Introduction to Microservices for IBM i
While there is no standard or formal definition of the term “microservice,” one can essentially view microservices as a method of developing software systems as a suite of independently deployable, small, modular services that work together. Each service performs a specific process and communicates via a well-defined, typically lightweight mechanism to satisfy a particular business need.
Microservices and IBM i
Why, you may ask, is the subject of microservices of interest to the IBM i community?
Microservices can be viewed as an important aspect of application modernization. With application modernization, we want to provide a robust interaction with existing business logic. Typically, when we talk about application modernization in the IBM i space, we are talking about providing a web or mobile presence to DB2-resident data. The reality of that approach is essentially writing new applications that, at times, are performing the same function as existing “green screen” applications. Application modernization is about being able to leverage those existing applications in new and exciting venues to reach a wider constituency of users.
PHP With the XML Toolkit
Let’s take this back to a discussion of microservices and how they apply to PHP in the IBM i space. Imagine treating an existing RPG application as simply providing a service that other applications can leverage. That is exactly what PHP with the XML Toolkit allows us to do.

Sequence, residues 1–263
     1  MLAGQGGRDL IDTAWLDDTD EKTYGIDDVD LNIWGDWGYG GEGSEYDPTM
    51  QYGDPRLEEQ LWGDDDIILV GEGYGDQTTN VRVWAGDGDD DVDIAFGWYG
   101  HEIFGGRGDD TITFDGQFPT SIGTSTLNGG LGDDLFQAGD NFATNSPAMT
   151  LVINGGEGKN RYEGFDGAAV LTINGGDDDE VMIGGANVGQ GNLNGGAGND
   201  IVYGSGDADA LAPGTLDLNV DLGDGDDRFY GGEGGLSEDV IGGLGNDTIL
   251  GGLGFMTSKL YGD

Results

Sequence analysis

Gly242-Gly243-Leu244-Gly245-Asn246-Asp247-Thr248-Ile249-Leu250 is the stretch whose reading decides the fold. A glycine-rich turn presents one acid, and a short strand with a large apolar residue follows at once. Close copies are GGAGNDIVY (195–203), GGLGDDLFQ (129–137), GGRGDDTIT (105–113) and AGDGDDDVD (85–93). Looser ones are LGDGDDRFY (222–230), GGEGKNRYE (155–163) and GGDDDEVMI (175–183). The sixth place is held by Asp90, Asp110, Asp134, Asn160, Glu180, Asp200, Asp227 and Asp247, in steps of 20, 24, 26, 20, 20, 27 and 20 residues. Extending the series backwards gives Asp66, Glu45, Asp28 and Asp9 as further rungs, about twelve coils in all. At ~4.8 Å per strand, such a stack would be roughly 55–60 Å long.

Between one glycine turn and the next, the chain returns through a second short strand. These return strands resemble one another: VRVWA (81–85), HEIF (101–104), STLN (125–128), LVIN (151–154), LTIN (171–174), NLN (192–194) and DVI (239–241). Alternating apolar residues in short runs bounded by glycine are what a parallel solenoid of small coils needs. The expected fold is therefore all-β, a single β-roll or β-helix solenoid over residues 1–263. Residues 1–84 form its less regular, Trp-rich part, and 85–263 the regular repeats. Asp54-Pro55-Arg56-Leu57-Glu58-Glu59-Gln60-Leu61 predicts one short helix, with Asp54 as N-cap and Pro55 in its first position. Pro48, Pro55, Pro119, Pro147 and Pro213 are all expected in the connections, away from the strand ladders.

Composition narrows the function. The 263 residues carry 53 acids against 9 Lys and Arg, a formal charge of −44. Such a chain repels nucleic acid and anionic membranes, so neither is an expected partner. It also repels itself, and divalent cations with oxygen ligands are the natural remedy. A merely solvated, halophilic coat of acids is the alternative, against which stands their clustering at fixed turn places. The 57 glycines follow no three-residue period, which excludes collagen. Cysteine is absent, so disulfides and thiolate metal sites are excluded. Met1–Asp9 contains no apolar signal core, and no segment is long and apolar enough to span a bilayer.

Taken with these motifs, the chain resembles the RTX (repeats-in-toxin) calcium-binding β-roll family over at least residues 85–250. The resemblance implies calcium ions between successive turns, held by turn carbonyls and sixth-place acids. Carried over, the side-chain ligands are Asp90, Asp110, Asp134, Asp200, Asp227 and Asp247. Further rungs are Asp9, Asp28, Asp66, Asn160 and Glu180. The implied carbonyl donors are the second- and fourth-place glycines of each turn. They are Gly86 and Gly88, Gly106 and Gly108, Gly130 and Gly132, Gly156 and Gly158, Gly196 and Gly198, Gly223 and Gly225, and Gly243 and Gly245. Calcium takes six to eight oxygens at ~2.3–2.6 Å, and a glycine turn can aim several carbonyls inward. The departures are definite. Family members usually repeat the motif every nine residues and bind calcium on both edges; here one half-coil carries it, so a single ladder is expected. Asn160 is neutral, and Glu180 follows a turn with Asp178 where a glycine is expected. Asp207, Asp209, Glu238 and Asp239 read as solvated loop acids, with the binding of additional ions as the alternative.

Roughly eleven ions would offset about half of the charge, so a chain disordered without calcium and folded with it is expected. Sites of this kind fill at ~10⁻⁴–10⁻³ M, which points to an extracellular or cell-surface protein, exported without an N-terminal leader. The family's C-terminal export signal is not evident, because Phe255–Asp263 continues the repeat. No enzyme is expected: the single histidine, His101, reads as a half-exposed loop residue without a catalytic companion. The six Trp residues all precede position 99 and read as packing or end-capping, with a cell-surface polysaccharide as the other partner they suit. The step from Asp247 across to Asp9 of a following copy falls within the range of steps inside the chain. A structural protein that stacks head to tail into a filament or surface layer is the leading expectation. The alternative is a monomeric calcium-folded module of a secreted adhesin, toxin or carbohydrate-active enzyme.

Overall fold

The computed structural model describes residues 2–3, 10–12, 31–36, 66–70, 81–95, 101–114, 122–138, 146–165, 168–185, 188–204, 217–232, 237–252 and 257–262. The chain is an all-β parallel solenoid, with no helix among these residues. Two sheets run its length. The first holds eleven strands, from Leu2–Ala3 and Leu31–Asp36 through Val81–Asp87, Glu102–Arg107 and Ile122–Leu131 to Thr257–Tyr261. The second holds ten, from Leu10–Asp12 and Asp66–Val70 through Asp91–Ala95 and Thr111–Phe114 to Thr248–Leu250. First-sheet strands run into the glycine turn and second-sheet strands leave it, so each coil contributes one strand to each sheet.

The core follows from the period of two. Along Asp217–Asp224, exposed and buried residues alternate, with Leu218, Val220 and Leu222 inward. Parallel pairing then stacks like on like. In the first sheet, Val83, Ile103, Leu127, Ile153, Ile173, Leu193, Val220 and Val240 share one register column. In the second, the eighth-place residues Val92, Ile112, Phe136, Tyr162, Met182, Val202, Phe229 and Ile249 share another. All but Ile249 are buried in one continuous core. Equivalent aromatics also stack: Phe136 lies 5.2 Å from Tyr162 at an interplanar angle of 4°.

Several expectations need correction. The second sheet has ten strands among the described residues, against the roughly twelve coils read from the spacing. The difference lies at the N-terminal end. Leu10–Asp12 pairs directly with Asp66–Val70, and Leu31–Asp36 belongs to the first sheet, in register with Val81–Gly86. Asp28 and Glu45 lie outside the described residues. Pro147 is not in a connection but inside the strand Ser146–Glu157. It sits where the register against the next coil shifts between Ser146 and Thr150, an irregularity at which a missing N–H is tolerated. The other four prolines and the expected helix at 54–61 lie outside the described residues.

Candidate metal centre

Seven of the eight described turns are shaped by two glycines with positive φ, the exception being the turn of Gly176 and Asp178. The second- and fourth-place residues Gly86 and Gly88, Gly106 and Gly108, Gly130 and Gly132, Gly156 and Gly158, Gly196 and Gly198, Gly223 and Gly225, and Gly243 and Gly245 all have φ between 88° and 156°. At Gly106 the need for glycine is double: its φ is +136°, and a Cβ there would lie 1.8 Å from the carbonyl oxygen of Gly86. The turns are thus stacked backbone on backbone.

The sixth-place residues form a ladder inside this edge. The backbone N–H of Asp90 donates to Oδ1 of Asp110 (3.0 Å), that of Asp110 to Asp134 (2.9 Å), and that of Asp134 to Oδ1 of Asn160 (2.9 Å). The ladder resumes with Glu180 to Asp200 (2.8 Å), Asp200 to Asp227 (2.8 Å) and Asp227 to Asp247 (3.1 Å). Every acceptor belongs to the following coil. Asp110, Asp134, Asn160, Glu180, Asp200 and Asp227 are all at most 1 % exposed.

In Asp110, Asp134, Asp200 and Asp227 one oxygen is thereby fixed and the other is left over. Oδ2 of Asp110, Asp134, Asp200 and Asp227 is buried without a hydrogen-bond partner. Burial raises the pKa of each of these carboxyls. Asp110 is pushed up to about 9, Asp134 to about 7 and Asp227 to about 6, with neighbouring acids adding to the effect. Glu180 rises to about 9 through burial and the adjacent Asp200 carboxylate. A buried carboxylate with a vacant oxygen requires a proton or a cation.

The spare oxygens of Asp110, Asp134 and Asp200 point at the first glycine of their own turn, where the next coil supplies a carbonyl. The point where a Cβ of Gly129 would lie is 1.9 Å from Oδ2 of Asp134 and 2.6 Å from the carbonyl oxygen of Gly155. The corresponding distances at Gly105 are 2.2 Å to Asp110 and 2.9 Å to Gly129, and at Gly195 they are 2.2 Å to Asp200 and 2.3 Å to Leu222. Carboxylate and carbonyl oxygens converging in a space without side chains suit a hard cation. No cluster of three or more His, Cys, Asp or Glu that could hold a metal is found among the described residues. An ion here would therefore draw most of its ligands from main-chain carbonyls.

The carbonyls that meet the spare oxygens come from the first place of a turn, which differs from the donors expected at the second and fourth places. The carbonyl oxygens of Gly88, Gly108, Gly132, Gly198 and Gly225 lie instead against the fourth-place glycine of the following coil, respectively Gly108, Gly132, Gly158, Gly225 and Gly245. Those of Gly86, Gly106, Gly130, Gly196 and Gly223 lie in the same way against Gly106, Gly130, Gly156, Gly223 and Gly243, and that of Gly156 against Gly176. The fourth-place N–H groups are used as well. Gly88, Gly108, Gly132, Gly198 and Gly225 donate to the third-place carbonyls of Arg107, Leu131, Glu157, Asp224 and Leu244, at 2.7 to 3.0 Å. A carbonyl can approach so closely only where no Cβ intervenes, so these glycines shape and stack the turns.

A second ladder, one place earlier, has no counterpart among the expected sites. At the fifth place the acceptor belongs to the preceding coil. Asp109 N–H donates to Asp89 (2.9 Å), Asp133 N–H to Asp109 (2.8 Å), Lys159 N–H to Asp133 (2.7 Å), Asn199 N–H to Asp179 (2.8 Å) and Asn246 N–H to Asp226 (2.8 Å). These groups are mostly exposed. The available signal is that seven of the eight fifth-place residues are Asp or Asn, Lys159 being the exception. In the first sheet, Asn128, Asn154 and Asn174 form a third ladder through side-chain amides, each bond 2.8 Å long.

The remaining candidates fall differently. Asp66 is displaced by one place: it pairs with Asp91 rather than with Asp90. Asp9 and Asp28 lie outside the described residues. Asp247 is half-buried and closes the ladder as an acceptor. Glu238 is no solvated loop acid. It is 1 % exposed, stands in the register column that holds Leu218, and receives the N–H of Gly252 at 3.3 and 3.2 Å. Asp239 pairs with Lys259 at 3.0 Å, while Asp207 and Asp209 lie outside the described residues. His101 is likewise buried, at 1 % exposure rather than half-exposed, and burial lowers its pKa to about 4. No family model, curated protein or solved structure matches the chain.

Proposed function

Using the definition provided in the first paragraph, the RPG program is providing a “service” (typically the overarching business logic); the PHP script/program is also providing a “service” (in this case, user-interface activities such as parameter collection); and the “communications” between these two services is provided by a combination of the “PHP XML Toolkit” on the PHP side (think of it as the client) and the XMLService (an IBM-sponsored open source project that supports calling ILE programs with XML-packaged parameters and providing responses in another XML document). The final piece of this puzzle is the presentation, which isn’t actually a formal part of microservices, but, in this case, is typically provided by an HTML renderer – i.e., web page or mobile application.
Pictorially, it could look something like this:
Moving towards application modernization with a focus on microservices provides the opportunity to turn ILE programs into a wide collection of reusable services that are accessible from a larger number of consumers for a potentially larger number of purposes.
To learn more about microservices and IBM i, visit us at one of our upcoming IBM i events.